the 5 stages of winter rest

After the leaves fall, the vine does not present apparent vegetative activity, calling this phase dormancy or vegetative rest or winter rest. A stage triggered by the action of abscisic acid.

A classic division of the winter rest, attributed to R. Pouget, is based on five consecutive stages, from the formation of the bud, until its regrowth in the following vegetative cycle:

  • 1st phase of pre-vegetative rest. It begins when the buds form on the shoot of the year, reaching a sufficient level of organogenesis so that they are apt to develop and allow the formation of a new shoot when conditions are favourable. Its duration is one week.
  • 2nd phase of entry into vegetative rest. Duration of about two weeks, where the latent buds lose the possibility of sprouting quickly, due to the presence of abscisic acid, corresponding to the time of withering.
  • 3rd phase of vegetative rest. It corresponds to a deep rest of the buds and lasts between one and two months, characterized at first by a long sprouting time, to later decrease due to increasing temperatures.
  • 4th phase of rising of vegetative rest. It is a short period of one week that requires cold temperatures with daily averages of 10°C.
  • 5th phase of post-vegetative rest and pre-sprouting. Its duration is 3 to 4 months, where the buds that suffered the action of low temperatures, acquire the ability to sprout quickly at all temperatures.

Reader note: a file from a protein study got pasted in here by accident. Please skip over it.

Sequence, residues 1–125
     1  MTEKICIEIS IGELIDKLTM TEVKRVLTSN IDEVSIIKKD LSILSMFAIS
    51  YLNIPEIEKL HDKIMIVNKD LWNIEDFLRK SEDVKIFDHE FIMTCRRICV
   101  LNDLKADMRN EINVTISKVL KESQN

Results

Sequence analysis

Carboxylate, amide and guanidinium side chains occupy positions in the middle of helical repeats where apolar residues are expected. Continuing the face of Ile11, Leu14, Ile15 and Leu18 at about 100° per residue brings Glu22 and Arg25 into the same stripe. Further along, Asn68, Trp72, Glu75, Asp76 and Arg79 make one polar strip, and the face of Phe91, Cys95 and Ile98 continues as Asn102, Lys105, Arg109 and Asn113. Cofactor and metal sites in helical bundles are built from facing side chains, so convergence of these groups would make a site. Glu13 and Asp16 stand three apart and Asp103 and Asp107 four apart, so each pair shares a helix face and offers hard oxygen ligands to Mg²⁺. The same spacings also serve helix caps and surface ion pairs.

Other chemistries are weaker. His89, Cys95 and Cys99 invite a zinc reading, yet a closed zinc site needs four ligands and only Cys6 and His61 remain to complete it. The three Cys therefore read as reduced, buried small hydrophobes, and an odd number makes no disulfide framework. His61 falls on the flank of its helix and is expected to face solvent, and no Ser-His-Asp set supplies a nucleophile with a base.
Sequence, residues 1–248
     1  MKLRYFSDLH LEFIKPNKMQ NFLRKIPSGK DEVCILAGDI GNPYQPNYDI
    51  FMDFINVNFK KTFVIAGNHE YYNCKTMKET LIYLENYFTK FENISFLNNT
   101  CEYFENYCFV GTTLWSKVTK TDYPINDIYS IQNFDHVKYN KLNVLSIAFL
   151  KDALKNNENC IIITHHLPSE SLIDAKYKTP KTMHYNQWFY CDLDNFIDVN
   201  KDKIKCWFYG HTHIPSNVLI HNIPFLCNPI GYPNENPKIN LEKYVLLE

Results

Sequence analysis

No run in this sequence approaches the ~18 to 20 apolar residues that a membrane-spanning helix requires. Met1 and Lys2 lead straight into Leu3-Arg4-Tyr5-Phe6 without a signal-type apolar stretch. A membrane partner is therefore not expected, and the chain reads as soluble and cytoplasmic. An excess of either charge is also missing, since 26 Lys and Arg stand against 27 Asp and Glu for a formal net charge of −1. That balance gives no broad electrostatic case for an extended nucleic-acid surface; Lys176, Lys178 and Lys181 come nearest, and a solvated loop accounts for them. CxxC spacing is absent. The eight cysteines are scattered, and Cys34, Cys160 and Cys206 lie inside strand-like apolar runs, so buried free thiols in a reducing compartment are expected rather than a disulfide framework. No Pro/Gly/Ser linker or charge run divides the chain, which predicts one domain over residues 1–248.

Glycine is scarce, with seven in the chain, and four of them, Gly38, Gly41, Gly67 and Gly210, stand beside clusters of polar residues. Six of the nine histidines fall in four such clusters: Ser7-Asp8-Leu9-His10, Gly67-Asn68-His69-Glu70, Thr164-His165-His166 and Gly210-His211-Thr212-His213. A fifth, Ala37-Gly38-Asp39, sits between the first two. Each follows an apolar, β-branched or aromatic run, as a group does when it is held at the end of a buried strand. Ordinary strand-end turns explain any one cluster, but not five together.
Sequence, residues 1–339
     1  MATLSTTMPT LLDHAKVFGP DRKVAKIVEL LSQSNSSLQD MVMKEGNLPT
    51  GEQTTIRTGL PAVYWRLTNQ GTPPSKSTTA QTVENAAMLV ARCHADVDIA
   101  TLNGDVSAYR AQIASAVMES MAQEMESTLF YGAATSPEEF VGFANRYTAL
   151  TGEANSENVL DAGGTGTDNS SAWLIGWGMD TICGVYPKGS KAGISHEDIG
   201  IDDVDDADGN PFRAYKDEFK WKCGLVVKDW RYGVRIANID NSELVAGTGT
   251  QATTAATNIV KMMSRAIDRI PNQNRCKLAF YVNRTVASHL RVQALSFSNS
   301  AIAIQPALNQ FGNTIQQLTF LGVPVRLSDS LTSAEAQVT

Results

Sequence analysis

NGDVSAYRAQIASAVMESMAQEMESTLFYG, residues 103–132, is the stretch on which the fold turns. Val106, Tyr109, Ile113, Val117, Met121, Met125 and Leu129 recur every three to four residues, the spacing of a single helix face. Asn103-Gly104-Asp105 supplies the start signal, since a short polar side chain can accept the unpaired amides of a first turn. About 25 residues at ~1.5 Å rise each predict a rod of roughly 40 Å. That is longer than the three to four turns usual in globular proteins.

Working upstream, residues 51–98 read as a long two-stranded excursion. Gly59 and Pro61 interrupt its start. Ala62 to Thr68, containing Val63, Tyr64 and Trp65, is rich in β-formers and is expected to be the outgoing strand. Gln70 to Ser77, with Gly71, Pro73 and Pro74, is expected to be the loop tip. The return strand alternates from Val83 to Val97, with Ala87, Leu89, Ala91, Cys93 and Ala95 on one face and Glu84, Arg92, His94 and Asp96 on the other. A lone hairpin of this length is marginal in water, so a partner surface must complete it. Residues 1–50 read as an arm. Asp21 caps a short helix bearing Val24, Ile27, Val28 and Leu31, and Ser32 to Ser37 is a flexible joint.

The factors that influence the lifting of the vegetative rest, and therefore the sprouting are the following:

physical factors.

  • Drying of the wood. Being 35% the humidity limit, below which the tissues die.
  • Temperature. In aerobic conditions, the temperature must be higher than 10°C, with a maximum limit of 40 to 50°C. However, in anaerobic conditions, when the shoots are submerged in water or in a nitrogen atmosphere, the temperature limits are are between 1 and 40 ºC.
  • Photoperiod. The short days constitute a factor for the entry into vegetative rest, undoubtedly due to the formation of inhibitory substances, such as abscisic acid. Conversely, long days stimulate sprouting.

chemical factors.

The mechanism of entry and exit from vegetative rest is not well known, but it is accepted that it is due to the balance between growth-stimulating and inhibiting substances.

Biological factors.

From the studies by R. Pouget, it can be deduced that early budding vines have a less intense vegetative dormancy compared to later budding vines, since they require a shorter vegetative dormancy process, and have a faster rate of evolution. faster physiology. In addition, they are less sensitive to the retarding effect of low temperatures on the buds.

Early budding vines have a higher bud break speed than late bud break vines. These are characterized by a constant higher sprouting precocity. The values ​​of this constant are all the greater as the vine sprouts early.

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